Local view for "http://purl.org/linkedpolitics/eu/plenary/2011-02-02-Speech-3-206-000"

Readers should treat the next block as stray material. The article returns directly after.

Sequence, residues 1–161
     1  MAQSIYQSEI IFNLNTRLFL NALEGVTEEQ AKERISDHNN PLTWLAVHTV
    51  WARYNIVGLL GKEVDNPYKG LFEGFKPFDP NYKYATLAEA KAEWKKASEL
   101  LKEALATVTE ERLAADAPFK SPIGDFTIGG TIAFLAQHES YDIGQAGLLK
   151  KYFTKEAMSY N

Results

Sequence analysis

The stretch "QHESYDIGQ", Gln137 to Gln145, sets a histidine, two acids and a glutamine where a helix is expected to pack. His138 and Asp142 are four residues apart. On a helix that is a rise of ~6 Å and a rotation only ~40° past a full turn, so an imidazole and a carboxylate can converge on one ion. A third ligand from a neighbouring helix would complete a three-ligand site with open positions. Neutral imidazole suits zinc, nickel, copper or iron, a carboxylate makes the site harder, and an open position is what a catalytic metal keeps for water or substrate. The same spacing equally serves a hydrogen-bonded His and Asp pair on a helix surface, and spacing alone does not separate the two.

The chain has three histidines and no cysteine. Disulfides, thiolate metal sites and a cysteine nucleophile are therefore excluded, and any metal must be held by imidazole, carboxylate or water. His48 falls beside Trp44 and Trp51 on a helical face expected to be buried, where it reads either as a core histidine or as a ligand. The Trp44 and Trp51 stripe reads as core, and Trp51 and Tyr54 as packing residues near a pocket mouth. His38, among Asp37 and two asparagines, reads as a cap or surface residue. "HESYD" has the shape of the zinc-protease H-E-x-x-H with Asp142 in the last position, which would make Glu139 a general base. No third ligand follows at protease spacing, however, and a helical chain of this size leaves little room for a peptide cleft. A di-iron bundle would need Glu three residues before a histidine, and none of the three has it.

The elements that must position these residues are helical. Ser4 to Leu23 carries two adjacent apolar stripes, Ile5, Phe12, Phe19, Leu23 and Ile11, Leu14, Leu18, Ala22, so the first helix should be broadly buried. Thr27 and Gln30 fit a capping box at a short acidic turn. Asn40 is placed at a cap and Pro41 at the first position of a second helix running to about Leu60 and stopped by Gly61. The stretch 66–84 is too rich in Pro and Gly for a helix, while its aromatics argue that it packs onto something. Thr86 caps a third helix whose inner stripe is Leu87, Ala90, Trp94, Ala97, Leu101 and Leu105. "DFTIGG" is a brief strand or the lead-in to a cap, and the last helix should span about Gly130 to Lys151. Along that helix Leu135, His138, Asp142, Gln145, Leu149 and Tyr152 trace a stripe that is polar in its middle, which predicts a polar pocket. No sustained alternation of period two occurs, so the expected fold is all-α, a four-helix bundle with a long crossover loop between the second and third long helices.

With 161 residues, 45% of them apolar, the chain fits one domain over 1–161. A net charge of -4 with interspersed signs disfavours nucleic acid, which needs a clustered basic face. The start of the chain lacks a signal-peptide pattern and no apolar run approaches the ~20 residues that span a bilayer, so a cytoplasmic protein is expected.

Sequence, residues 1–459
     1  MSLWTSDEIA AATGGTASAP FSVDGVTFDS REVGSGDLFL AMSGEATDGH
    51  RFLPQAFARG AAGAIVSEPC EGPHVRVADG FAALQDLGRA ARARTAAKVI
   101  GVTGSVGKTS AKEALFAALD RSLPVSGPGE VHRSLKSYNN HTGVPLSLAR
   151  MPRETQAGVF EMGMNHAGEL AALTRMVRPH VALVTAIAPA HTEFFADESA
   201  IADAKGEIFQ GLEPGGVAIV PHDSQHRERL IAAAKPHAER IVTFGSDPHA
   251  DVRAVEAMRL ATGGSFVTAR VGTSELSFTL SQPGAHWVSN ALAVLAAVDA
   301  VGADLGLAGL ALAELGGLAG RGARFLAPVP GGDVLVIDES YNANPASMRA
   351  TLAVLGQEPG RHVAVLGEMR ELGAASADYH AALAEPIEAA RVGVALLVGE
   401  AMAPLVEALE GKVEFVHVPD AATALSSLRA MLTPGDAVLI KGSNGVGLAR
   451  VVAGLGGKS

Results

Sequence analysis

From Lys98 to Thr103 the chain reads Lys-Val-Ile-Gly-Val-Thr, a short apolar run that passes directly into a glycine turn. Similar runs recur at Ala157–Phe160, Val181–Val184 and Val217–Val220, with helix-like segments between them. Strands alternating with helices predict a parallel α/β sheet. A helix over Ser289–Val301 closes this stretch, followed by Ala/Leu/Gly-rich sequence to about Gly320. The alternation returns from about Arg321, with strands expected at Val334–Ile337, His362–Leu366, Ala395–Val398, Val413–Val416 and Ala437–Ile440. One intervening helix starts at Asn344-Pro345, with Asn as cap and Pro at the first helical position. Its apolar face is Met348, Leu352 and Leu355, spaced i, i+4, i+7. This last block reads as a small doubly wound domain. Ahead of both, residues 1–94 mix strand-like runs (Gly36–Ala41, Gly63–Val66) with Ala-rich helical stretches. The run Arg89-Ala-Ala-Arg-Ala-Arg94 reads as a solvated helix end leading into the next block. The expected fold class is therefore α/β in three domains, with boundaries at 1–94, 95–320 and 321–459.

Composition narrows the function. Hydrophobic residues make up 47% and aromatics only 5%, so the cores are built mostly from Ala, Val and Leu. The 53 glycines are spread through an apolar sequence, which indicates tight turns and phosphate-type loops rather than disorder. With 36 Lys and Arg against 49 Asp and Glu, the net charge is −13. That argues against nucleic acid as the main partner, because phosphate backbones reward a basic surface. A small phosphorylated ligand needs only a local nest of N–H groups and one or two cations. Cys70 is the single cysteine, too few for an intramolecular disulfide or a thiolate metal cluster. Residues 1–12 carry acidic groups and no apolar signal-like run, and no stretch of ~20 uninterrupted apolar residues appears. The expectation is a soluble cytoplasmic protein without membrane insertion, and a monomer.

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"Mr President, we are very pleased that the referendum in Southern Sudan has passed off so peacefully. Our observers are united in their praise for what they saw during the observation mission. They have also given a positive assessment of the referendum itself from the viewpoint of the standards we promote. The referendum was credible and well-organised, and it gave voters the opportunity to make their views heard. The importance that Southern Sudanese citizens attached to this referendum was also plain to see, with a turn-out of 60% being achieved by the fourth day. This is clear testimony to how determined the people are to achieve self-determination. President Bashir has often been criticised by this House, but this time we should give him credit for the statement he made on 24 January in Juba, to which Mrs Ashton referred. He announced that he would recognise any decision made on the basis of the referendum, even if that meant the secession of Southern Sudan, and everything points to the fact that those living in the region have made their wishes extremely clear. I would echo the wishes and hopes voiced by others that, if Sudan is in fact split into two countries, they will enjoy a peaceful co-existence. It is now important for the peaceful atmosphere that reigned during the referendum to be followed by a peaceful period during which the results can be announced and the two states can undergo transformations. Many observers are afraid that the current wave of riots and democratic demands in several countries, including Sudan, could become an excuse to freeze the peace process and will make it impossible for ambitious plans to be put into effect. The outlook in some quarters is positive, on the other hand, for example in the African Union, which is known to be ready to recognise the independence of the new African state. We must also be aware that the referendum is not the end of the matter, and that ultimate success means realising the wishes of those living in Sudan. As we know, their wishes may be granted on 9 July 2011, when the independence of Sudan will be proclaimed, and only then will we be able to celebrate the end of this bloody and long-standing conflict."@en1

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